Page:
PhD Thesis Defense - Amir Ghasemkhani

"Stochastic Learning and Optimization with Imperfect Data in Cyber-Physical Systems"


"Principal goal of this dissertation is to study stochastic learning and optimization of cyber-physical systems (CPSs) with imperfect data. CPSs are engineered systems that are built from, and depend upon, the seamless integration of computation and physical components. The recent success of data-driven approaches based on the collection of a large amount of data followed by learning and inference will transform the design and operation process into one in which data, models and human designers continuously interact. Therefore, the quality of data plays an important role in the design and operation process, and data imperfections might lead into a CPS with less reliability, adaptability, scalability, resiliency, safety, security, and usability. The degraded quality of data in the context of the cyber-physical energy systems stem from the unique features and requirements of CPSs such as the stochastic nature of communication and measurement infrastructures and privacy measures. To overcome the challenges of the imperfect data, efforts need to revolve around all the constituent problems, and the spectrum of research topics relevant to CPSs is very broad in the energy systems. This dissertation aims to investigate stochastic optimization and learning in CPSs with the focus on data quality issues in user-side demand management programs, and system-side event diagnostic mechanisms.

The first part investigates stochastic learning in the incentive-based demand response (DR) programs with perturbed data. A key challenge is how to determine the incentive rates to incentivize users to adapt their loads to supply availability, as users either would show random responses and also perturb their power usage to protect their privacy. Under a stochastic Stackelberg game, we cast the incentive-based DR problem as a learning problem, such that the best incentive strategy can be obtained by learning the users' randomized behaviors. For the non-privacy-preserving users, the DR problem boils down to solve the classical best response problem by converging to an equilibrium point. However, the proposed stochastic game for privacy-preserving users would not converge to a stable mixed strategy equilibrium using the classic best response dynamics since the LSE learns over the users' perturbed behaviors. In this regard, we adopt the notation of the smooth best response as a tool to overcome difficulties in converging to the optimal incentive strategy for the perturbed observations.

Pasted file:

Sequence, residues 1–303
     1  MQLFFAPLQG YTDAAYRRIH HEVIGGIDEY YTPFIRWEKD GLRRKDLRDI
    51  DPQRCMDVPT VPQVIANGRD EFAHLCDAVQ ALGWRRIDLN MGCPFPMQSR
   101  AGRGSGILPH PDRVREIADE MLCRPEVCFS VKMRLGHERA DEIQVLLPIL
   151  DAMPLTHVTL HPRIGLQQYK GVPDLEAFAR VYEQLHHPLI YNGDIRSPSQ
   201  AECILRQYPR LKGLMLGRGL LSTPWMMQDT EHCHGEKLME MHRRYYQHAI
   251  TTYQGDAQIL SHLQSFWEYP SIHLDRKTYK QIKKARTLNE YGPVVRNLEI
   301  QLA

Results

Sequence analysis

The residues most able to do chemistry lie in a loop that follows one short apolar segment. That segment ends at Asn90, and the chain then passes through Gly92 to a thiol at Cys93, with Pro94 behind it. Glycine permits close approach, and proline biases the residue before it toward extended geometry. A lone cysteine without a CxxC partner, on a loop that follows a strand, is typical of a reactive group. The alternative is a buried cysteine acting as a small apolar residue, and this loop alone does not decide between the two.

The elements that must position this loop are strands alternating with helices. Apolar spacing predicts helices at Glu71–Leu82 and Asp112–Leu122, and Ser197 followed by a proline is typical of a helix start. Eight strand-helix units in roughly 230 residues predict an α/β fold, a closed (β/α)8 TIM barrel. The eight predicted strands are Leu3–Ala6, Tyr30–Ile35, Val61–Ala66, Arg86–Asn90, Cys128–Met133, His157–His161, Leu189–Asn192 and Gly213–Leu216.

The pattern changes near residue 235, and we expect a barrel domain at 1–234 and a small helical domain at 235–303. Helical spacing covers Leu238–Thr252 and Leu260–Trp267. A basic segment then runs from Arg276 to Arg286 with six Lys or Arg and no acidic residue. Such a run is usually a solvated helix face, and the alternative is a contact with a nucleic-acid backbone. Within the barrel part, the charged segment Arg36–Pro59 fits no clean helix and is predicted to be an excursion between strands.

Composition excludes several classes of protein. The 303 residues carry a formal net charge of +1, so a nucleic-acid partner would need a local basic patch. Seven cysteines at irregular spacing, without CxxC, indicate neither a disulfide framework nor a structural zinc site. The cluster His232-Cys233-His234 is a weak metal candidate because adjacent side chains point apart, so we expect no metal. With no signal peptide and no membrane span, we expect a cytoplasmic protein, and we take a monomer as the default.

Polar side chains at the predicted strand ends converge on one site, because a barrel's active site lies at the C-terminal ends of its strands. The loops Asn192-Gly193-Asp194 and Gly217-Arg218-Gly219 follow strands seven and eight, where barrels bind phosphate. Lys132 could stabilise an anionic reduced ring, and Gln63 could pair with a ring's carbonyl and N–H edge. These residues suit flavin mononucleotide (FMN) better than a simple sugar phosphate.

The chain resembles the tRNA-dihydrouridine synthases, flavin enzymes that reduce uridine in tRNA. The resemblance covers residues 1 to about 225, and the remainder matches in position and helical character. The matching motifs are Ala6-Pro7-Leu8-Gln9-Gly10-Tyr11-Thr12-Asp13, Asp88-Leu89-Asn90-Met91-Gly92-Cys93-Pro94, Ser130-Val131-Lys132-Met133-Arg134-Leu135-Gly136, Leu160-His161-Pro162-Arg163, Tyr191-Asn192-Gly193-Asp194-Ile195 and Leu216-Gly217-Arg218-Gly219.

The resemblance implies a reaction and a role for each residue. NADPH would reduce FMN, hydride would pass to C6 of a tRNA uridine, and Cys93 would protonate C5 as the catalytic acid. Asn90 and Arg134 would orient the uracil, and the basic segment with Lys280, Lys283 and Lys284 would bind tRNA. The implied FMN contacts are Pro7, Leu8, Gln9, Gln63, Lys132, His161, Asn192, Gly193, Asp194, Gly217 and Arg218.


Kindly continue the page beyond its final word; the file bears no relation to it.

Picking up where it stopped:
The second part studies the stochastic optimization for an event diagnosis and control scheme in presence of data imperfections. Three components for the proposed scheme (i.e., data recovery, state estimation, and control) are investigated to not only ensure the system full observability, but also to diagnose the disruptive events and offer the remedial actions in order to have efficient and reliable system operations. First, we focus on the stochastic optimization in the data recovery problem in presence of missing phasor measurement units (PMUs) data. We propose a novel regularized low rank tensor completion (LRTC) framework to extract the latent structures of PMU data in order for improving the imputation accuracy. Second, we propose a decentralized dynamic system estimation (DSE) scheme by employing an unscented Kalman filter (UKF) to find efficient and unbiased estimates of the system states. Last, we design an intelligent contingency management framework by leveraging a robust deep reinforcement learning (DRL) algorithm to better handle the contingencies in real-time operations while considering the effect of the measurement noise in the design process."


Monday, November 25, 2019 at 8:45 am to 10:45 am

SEM, 201 1664 North Virginia ST, Reno, NV